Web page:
User Interface Issues and Automated Flight Control on the A320
Warning! These are notes from a short student talk on this subject.
The data herein has not been verified. As the conclusions suggest,
most of the problems observed herein have to do with user interface
issues rather than problems with the concept of fly-by-wire. Thanks
to some helpful readers for pointing this out
- Source: ???
- Original by Lea Wittie and Ryan Gerling (students)
- Some reformatting by Sam Rebelsky
- Note: at least one commentator who found this page
has noted that the problems are overstated and recommends that
those interested in finding out the real issues talk with pilots
who fly A320s about them. [Added 10 April 2000]
- The A320 is an airplane with automated flight control.
- It uses a "fly by wire" system. The pilot's main interactions
are with a computer, not with the plane. The pilot is surrounded
by screens with flight data (airspeed, altitude, ...). Flying
involves programming instructions on the computer. The computer
makes use of facts like fuel efficiency and aifcraft safety to
present safe and economical choices to the pilot.
- There is NO manual override on this aircraft
- There have been 3 major crashes with A320s.
- 1) Pilot confused the data screens for flight-path-angle and
vertical-speed). The plane went down into the side of a
- 2) Strasboug: The plane decended much too quickly on landing
and smashed into the ground about 15 feet before the start of the
- 3) While testing an A320, a pilot attempted to override the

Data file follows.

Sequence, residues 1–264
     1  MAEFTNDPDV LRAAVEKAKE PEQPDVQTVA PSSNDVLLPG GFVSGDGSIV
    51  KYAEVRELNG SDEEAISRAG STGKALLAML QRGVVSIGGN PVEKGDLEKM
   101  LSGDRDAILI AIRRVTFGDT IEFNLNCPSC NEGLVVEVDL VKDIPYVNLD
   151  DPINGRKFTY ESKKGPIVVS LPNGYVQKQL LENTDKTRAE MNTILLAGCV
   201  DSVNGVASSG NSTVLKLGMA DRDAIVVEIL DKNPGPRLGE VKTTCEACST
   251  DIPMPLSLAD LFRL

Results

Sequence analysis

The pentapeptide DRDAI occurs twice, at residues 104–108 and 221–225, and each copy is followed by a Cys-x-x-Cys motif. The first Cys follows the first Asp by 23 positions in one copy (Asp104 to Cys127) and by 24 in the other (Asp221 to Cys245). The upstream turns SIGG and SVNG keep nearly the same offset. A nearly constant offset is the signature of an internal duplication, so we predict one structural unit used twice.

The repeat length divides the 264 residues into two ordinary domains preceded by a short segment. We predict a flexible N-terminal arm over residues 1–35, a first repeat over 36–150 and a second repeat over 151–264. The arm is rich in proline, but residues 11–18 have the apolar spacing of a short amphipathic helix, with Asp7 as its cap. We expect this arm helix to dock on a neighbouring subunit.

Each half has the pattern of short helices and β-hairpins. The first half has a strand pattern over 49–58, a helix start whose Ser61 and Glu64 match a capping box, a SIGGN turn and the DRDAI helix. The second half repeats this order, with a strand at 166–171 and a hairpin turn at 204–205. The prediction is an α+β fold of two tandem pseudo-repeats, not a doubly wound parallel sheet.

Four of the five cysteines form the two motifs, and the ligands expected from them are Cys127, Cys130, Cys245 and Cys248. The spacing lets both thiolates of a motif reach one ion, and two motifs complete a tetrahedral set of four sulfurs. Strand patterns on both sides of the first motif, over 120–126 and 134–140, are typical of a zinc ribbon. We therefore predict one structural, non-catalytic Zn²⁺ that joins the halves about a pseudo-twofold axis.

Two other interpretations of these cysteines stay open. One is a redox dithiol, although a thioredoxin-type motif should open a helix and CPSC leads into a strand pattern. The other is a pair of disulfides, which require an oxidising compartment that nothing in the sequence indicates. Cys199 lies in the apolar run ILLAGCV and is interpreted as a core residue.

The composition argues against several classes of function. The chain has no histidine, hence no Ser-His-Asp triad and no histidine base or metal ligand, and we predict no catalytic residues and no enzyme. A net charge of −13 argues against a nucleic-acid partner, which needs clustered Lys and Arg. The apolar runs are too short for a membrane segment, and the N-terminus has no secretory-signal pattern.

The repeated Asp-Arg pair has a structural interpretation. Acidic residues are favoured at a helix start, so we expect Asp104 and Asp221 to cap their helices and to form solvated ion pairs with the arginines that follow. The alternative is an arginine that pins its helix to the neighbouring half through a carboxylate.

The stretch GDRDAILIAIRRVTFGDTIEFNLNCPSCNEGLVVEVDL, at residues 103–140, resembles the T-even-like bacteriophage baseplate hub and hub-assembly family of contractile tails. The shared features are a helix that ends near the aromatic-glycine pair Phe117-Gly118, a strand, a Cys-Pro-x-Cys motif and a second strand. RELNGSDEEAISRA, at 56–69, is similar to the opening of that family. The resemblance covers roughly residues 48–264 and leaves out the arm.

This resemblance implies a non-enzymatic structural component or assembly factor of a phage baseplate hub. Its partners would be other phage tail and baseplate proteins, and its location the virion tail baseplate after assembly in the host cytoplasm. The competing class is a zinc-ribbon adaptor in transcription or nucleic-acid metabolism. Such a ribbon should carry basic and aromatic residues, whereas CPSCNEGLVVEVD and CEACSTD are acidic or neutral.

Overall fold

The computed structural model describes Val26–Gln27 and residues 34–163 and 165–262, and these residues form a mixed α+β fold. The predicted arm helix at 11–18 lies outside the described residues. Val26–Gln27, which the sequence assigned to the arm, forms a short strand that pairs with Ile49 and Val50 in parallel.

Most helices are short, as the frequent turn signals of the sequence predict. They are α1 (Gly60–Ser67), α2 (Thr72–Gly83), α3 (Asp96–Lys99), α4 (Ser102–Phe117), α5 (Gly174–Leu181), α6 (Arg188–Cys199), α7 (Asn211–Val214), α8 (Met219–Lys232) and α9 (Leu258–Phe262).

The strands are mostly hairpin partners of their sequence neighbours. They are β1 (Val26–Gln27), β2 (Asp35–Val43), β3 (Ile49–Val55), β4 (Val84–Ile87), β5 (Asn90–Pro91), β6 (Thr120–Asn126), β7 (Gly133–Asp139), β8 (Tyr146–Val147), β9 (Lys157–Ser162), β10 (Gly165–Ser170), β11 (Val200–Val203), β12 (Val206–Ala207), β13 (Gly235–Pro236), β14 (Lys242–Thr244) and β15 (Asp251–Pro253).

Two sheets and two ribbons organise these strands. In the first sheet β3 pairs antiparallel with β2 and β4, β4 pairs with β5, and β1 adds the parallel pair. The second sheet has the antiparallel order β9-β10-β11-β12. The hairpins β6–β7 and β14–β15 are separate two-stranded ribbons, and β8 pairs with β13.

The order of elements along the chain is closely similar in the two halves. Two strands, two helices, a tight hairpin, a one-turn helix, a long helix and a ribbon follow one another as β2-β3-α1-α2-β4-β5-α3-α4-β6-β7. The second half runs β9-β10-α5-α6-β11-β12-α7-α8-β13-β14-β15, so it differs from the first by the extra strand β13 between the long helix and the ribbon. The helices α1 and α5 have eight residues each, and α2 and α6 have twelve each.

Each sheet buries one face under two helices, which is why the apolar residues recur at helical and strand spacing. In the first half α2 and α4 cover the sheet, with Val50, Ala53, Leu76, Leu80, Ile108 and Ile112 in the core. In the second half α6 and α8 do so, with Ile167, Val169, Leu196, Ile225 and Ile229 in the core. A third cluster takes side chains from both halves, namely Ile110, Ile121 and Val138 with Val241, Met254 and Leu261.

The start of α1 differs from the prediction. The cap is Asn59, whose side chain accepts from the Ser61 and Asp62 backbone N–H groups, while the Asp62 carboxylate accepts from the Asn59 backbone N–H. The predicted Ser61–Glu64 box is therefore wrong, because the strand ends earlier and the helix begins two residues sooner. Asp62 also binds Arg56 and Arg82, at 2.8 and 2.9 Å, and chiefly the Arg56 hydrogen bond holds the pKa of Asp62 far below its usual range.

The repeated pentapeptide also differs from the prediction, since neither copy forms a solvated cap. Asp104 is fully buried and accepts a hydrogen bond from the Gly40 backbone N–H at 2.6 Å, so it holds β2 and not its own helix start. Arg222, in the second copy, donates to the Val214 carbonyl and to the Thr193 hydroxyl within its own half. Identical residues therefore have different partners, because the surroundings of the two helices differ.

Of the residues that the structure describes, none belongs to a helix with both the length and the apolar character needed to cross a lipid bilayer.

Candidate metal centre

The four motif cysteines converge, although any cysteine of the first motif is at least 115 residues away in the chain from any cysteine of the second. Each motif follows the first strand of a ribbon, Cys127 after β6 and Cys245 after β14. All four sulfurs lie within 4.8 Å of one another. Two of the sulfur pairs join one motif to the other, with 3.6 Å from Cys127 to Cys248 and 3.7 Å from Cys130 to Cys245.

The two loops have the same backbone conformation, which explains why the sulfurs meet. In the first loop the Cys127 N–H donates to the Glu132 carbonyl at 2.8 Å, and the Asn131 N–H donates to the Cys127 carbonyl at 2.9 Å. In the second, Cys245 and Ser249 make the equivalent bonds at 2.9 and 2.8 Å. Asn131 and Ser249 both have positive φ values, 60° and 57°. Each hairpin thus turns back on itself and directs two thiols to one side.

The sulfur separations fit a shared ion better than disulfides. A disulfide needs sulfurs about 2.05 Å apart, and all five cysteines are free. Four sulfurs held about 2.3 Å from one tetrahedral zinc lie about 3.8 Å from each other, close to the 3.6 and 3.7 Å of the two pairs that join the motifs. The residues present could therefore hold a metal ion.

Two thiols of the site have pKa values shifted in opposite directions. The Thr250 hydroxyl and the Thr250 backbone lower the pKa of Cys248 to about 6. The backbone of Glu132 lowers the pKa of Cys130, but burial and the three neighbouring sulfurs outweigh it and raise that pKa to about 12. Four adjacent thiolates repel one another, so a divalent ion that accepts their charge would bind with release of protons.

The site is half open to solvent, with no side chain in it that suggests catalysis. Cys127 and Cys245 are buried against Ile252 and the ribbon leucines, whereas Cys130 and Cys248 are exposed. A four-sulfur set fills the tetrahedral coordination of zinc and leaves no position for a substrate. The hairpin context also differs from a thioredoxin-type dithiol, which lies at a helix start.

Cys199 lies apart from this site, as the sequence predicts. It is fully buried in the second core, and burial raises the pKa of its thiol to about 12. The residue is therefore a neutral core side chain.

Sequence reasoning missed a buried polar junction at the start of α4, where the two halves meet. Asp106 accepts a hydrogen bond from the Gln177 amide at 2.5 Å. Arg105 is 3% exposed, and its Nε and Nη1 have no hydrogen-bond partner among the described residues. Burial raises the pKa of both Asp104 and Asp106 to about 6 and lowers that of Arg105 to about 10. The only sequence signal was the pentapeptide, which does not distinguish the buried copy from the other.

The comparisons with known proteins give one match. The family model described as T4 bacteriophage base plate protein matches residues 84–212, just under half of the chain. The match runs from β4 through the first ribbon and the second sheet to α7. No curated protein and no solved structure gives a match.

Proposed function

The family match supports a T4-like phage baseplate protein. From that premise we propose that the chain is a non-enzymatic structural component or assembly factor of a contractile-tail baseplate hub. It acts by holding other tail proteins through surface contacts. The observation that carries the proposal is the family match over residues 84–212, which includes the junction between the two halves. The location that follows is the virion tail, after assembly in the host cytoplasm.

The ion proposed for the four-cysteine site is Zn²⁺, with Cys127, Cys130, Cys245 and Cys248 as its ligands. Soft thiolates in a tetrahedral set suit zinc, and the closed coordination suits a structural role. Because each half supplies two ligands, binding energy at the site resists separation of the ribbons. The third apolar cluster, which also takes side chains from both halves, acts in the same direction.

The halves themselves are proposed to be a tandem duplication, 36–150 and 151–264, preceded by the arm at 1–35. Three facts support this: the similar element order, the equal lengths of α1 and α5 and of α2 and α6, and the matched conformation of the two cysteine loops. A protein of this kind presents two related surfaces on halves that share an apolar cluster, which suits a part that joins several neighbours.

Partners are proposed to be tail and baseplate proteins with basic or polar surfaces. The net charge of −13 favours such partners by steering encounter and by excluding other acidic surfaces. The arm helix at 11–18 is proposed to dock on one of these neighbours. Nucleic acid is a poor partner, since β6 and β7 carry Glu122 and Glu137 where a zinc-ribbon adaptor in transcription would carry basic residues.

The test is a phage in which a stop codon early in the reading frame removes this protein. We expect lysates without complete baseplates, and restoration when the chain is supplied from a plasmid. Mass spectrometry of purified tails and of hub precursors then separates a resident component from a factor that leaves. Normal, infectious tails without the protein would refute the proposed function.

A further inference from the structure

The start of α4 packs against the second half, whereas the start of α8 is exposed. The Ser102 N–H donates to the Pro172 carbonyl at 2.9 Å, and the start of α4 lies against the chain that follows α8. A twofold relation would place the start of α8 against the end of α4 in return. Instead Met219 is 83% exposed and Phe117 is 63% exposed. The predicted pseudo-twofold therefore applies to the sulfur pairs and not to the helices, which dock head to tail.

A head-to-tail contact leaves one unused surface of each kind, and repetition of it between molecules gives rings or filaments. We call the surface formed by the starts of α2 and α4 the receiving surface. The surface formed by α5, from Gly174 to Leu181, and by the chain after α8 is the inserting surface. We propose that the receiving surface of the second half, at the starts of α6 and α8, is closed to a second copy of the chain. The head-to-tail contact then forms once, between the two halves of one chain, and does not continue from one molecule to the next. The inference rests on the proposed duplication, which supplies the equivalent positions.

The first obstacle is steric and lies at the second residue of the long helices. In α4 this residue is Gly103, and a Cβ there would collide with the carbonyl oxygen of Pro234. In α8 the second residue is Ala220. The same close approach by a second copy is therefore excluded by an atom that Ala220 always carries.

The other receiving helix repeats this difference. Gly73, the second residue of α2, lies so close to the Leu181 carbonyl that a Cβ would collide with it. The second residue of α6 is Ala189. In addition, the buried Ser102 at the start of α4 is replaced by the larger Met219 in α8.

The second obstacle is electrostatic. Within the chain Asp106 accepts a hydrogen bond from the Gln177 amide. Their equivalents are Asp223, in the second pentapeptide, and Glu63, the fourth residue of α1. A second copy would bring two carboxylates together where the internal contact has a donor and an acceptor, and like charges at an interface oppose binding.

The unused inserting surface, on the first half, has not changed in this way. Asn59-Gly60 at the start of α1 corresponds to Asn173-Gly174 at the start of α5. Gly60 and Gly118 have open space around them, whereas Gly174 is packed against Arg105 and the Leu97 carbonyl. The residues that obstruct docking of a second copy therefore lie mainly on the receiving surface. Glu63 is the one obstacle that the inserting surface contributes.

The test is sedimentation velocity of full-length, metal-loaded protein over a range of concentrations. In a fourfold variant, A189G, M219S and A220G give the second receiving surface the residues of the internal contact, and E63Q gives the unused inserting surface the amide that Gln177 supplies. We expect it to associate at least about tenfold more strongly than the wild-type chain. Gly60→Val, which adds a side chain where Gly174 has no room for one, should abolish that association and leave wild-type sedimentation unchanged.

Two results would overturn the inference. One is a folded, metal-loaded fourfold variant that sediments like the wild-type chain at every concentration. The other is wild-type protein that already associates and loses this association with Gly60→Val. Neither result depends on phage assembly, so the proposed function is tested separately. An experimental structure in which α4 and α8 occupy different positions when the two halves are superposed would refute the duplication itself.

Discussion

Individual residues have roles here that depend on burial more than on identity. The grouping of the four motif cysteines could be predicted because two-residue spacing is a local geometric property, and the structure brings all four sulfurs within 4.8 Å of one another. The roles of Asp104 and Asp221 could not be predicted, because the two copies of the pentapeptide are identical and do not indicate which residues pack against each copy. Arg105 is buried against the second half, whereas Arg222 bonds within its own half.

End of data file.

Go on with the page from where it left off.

computer and had to rip out wires to do so. One feature which
escaped the override attempt caused a crash when the pilot dove
the plane towards the ground and tried to pull up at the last
second. The computer refused to let the plane pull up and it
crashed into a group of onlookers.
- There are built in landing maneuvers; one of the common ones
had a defect. It caused abnormal behavior of the altimeter (you
thought you were higher up that you actually were).
- The warning system went into effect only a few seconds before
impact and was not even present on all planes.
- The monitors look alike and flight-path-angle and
vertical-speed have the same format (easily confused).
- It's hard to see long term patterns using the computer data.
- The pilot is either EXTREMELY busy or EXTREMELY bored and
during the flight they get a false sense of security (glass
- Error and warning messages during data entry are often
indecipherable and pilots often ignore them.
- Different pilots use different data entering methods; its hard
to switch pilots all of a sudden.
- The crashes were caused by inept pilots (duh!!)
- France put a warning device on its international flights to say
when the plane descended too quickly. They felt this device was
unnecessary on national flights because their pilots knew the
terrain well. (The pilot recieved a two second warning before
the craft smashed into a mountain side.)
[This is not unique to the A320]
- The AIRBUS industry advised all companies using the A320 not to
use the faulty landing maneuver.
- Investigate the crashes rather than immediatly blaming the
- Fix the faulty landing maneuver and the timing on the warning
system. (Better planning)
- Make a better, more self-explanatory monitor display.
- Better, more explictit error and warning messages. Standardized
data entry methods.
- Fix the glass cockpit syndrome. Any ideas??
- Train the pilots more.
- Too much automation may be a bad thing!! (Even the toilet
flushes are computer controlled)
- User interface is important.
- Bugs should be fixed, not ignored.
- Manual override is a good thing.
- "After 4 years in service, and 600,000 flying hours, the A320
has scored 3 major accidents and 177 lives lost. In 11 years, the
Boeing 757 has flown 4 million hours with no fatalities." Don't
worry, just pilot error